Edwardian Cars (1904-1915)

Published in 1959 by © Hugh Evelyn Limited, London; drawn by George A. Oliver.

The Veteran and Vintage Sports Car Clubs, founded in the 1930s, inspired the first attempts to preserve examples of early cars. The early century was a period of steady development. Many advances we enjoy today were invented, but practical use was limited by lack of suitable materiel or production methods, or appreciation of their significance. By 1914 electronic actuation of gear-change had been tested but the accumulators were inadequate. In 1910 4-wheel braking was introduced but caused locking-up so was largely abandoned. Gear-changing was tricky before the preselector gearbox and synchromesh. Expanding clutches on the De Dion and epicyclic gearing were a success. Automatic transmission arrived early but was not followed up. Lanchester put a disc brake on its transmission, but bad roads caused excessive wear. Rear-mounted engines were common: designers worked just to make cars go. When reliability was achieved they turned to improving braking, control and easier maintenance. Appearance became an issue: cars developed characteristic shapes. Early cars were severe; inelegant but practical, some even handsome. Closed bodies were rare. People were used to open vehicles and weight hindered performance.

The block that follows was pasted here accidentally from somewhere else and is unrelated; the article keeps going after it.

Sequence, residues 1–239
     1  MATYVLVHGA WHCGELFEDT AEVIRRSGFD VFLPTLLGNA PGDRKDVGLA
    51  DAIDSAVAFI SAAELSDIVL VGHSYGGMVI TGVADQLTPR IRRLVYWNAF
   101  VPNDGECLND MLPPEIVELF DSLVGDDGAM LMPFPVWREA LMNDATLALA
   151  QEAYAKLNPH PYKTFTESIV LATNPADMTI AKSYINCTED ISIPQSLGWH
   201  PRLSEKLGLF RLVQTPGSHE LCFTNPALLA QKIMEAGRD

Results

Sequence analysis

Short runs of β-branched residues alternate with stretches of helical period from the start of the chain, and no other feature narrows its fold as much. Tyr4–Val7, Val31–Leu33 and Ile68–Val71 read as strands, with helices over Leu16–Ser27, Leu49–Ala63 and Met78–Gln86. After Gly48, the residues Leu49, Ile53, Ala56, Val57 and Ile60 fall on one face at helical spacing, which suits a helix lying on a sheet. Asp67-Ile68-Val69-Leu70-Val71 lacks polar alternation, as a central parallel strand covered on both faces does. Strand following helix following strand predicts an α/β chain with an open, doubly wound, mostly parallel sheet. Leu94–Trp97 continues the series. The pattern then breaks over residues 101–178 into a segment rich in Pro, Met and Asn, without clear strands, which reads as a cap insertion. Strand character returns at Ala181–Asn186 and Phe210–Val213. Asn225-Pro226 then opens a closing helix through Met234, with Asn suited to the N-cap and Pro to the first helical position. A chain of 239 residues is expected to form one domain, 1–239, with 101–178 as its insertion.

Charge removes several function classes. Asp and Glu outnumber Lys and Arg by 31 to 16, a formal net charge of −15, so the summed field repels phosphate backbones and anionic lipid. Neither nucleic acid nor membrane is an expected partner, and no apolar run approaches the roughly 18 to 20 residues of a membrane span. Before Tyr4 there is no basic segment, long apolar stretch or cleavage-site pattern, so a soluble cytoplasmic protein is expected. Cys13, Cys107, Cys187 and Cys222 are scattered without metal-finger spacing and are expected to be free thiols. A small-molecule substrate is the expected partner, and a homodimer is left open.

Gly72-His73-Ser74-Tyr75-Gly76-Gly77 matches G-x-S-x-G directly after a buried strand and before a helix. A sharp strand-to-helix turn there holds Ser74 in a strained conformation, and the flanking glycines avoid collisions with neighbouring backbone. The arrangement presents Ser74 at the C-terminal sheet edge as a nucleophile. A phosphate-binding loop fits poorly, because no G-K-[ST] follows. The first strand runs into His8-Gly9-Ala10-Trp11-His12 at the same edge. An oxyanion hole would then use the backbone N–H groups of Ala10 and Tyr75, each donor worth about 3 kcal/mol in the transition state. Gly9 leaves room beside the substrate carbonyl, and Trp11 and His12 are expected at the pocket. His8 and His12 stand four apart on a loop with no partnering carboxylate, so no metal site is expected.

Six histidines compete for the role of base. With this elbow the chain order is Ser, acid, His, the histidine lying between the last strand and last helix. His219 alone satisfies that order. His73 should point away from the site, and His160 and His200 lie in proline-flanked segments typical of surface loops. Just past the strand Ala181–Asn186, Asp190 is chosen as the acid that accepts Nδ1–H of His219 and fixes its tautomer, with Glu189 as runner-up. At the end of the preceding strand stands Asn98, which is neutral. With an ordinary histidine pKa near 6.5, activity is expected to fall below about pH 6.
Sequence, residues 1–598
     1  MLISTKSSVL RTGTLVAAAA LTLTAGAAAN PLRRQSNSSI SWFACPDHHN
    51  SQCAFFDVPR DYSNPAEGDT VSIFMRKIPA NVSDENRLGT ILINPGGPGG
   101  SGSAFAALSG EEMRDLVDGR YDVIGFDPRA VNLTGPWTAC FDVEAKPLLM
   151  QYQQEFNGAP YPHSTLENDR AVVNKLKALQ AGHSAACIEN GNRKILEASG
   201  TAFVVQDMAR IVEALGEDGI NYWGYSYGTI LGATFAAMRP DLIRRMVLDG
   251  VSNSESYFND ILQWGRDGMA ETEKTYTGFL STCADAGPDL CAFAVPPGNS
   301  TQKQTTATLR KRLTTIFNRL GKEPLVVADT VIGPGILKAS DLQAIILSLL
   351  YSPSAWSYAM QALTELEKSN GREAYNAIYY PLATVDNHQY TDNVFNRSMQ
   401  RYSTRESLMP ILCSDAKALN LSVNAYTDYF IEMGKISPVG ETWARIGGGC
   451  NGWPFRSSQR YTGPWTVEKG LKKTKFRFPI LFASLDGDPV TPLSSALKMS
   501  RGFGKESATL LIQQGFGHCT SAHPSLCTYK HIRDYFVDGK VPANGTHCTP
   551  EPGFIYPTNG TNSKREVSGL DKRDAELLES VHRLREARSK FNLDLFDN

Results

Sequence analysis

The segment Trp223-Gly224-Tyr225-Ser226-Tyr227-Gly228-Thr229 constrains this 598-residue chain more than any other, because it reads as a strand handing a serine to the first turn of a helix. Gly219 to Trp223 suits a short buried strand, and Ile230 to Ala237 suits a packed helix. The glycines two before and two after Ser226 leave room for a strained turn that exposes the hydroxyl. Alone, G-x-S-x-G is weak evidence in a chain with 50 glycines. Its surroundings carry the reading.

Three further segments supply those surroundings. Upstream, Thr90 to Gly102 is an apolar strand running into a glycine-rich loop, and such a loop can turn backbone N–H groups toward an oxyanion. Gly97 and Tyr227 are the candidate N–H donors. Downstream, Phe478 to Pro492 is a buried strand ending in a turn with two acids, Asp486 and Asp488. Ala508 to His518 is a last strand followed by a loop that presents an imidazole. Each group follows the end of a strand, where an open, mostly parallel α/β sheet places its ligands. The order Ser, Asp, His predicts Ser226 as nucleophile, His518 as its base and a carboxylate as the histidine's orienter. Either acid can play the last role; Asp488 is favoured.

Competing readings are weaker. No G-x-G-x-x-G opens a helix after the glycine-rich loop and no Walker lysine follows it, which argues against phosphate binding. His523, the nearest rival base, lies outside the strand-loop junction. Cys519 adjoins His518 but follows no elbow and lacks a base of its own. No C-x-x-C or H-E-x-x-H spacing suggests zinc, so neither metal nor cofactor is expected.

Prints are 47.5 cm w x 34.5 cm h (18 ½ ″ x 13 ½ ″) with slight variation from the printer’s cut 50 years ago.

The images you will see on this site are photographs of the prints. Magnifying them by hovering over them or viewing enlarged images may show some slight distortion of line, fill, colour or text. The prints themselves have no such distortions.

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